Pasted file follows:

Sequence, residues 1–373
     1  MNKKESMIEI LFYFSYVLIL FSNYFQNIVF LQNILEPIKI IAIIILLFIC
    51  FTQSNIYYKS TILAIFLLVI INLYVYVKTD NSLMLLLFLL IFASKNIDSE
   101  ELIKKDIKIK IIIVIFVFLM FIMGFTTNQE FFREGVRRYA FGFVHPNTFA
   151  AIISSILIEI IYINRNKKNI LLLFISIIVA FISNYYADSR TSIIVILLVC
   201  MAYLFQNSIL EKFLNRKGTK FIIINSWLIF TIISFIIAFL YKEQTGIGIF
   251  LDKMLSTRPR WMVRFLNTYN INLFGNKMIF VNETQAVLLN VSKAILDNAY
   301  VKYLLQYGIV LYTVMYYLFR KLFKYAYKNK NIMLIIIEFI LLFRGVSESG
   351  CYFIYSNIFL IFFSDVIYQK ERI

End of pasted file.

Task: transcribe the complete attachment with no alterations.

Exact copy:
Sequence, residues 1–373
     1  MNKKESMIEI LFYFSYVLIL FSNYFQNIVF LQNILEPIKI IAIIILLFIC
    51  FTQSNIYYKS TILAIFLLVI INLYVYVKTD NSLMLLLFLL IFASKNIDSE
   101  ELIKKDIKIK IIIVIFVFLM FIMGFTTNQE FFREGVRRYA FGFVHPNTFA
   151  AIISSILIEI IYINRNKKNI LLLFISIIVA FISNYYADSR TSIIVILLVC
   201  MAYLFQNSIL EKFLNRKGTK FIIINSWLIF TIISFIIAFL YKEQTGIGIF
   251  LDKMLSTRPR WMVRFLNTYN INLFGNKMIF VNETQAVLLN VSKAILDNAY
   301  VKYLLQYGIV LYTVMYYLFR KLFKYAYKNK NIMLIIIEFI LLFRGVSESG
   351  CYFIYSNIFL IFFSDVIYQK ERI